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Tryptose Blood Agar Base


Tryptose Blood Agar Base

Intended Use

Tryptose Blood Agar Base is used with blood in isolating, cultivating and determining the hemolytic reactions of fastidious microorganisms.

Summary and Explanation

Investigations of the nutritive properties of tryptose demonstrated that culture media prepared with this peptone were superior to the meat infusion peptone media previously used for the cultivation of Brucella, streptococci, pneumococci, meningococci and other fastidious bacteria. Casman1,2 reported that a medium consisting of 2% tryptose, 0.3% beef extract, 0.5% NaCl, 1.5% agar and 0.03% dextrose equaled fresh beef infusion base with respect to growth of organisms. The small amount of carbohydrate was noted to interfere with hemolytic reactions, unless the medium was incubated in an atmosphere of carbon dioxide.
Tryptose Blood Agar Base is a nutritious infusion-free basal medium typically supplemented with 5-10% sheep, rabbit or horse blood for use in isolating, cultivating and determining hemolytic reactions of fastidious pathogenic microorganisms. Without enrichment, this base can be used as a general-purpose medium. Tryptose Blood Agar Base is included in the FDA Bacteriological Analytical Manual (pH adjusted to 6.8 ± 0.2).3

Principles of the Procedure

Tryptose is the source of nitrogen, carbon and amino acids in Tryptose Blood Agar Base. Beef extract provides additional nitrogen. Sodium chloride maintains osmotic balance. Agar is the solidifying agent.
Supplementation with 5-10% blood provides additional growth factors for fastidious microorganisms and is used to determine hemolytic patterns of bacteria.

User Quality Control

Identity Specifications
Tryptose Blood Agar Base
Dehydrated Appearance: Beige, free-flowing, homogeneous.
Solution:                        3.3% solution, soluble in purified water upon
                                     boiling. Solution is light amber, very slightly to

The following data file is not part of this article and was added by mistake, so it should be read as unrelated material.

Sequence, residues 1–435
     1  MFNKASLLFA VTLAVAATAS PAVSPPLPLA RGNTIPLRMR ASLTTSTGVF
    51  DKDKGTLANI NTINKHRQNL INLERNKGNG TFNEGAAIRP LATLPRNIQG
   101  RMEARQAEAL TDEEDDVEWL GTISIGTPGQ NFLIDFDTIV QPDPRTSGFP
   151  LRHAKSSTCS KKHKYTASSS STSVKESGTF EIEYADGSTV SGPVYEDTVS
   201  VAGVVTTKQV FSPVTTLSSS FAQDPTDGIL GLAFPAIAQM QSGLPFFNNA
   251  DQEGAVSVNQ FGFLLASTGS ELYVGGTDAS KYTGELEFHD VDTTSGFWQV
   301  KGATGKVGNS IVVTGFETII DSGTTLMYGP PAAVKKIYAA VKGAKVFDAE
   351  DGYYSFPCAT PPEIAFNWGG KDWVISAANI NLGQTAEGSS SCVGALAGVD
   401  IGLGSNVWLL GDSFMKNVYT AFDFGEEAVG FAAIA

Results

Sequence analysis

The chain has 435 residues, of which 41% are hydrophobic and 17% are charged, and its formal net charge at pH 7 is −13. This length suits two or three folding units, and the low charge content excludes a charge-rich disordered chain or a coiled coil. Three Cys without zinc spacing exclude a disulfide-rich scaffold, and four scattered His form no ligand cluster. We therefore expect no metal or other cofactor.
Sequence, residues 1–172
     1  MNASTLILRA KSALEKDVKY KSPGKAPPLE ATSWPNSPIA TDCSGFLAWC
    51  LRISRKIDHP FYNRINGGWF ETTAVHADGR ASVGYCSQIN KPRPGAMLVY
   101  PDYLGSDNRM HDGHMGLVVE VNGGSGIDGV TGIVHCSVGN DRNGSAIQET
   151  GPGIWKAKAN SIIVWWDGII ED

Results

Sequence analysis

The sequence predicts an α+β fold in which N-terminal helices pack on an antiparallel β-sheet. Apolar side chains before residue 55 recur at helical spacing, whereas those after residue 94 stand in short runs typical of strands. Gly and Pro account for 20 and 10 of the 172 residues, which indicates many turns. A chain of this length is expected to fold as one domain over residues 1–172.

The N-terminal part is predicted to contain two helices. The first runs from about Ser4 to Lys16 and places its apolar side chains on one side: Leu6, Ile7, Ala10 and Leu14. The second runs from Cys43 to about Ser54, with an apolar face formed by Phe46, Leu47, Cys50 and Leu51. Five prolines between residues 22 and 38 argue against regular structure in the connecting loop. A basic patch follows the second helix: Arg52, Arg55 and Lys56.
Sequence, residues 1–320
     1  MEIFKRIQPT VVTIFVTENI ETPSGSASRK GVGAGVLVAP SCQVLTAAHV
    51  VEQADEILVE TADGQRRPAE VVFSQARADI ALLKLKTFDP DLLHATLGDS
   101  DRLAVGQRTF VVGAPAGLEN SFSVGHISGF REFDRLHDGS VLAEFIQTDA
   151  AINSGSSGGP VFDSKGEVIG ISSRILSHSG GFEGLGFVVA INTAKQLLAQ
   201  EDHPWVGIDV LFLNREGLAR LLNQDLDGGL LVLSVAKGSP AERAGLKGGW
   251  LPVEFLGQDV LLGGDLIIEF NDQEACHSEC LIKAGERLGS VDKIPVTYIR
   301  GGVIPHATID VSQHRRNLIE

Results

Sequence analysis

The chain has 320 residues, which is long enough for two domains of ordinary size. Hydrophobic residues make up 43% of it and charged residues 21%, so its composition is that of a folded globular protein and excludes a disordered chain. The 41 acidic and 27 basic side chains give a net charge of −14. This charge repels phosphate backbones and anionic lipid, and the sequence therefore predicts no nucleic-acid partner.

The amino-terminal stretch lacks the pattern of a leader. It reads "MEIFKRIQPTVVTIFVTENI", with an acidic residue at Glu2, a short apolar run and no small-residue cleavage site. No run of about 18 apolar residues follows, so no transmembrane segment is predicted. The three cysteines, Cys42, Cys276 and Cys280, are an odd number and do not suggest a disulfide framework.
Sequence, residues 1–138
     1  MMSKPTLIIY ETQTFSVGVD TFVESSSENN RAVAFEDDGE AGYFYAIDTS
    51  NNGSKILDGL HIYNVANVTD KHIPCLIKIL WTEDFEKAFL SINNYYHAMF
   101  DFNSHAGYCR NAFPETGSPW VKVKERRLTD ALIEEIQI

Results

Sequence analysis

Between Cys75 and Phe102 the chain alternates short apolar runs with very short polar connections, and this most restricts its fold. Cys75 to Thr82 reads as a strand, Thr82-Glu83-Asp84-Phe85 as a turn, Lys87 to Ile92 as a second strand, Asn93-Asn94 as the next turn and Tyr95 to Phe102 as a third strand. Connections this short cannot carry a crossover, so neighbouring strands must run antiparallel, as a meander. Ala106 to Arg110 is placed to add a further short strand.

slightly opalescent.
Prepared Appearance:     Plain – Light amber, slightly opalescent.
                                     With 5% sheep blood – Cherry red, opaque.
Reaction of 3.3%
Solution at 25°C:            pH 7.2 ± 0.2
Cultural Response
Tryptose Blood Agar Base
Prepare the medium per label directions without (plain) and with 5% sterile defibrinated sheep blood (SB). Inoculate and incubate at 35 ± 2°C for 18-48 hours (blood plates under 5-10% CO2).

18-48 HR
Escherichia coli 25922 102-103 Good Good Beta
Neisseria meningitidis 13090 102-103 None to poor Good None
Staphylococcus aureus 6305 102-103 Good Good Beta
Streptococcus pneumoniae 19615 102-103 Fair to good Good Alpha
Streptococcus pyogenes 19615 102-103 Fair to good Good Beta


Tryptose Blood Agar Base
Approximate Formula* Per Liter
Tryptose..................................................................... 10.0 g
Beef Extract.................................................................. 3.0 g
Sodium Chloride............................................................ 5.0 g
Agar........................................................................... 15.0 g
*Adjusted and/or supplemented as required to meet performance criteria.

Directions for Preparation from Dehydrated Product

1. Suspend 33 g of the powder in 1 L of purified water. Mix thoroughly.
2. Heat with frequent agitation and boil for 1 minute to completely dissolve the powder.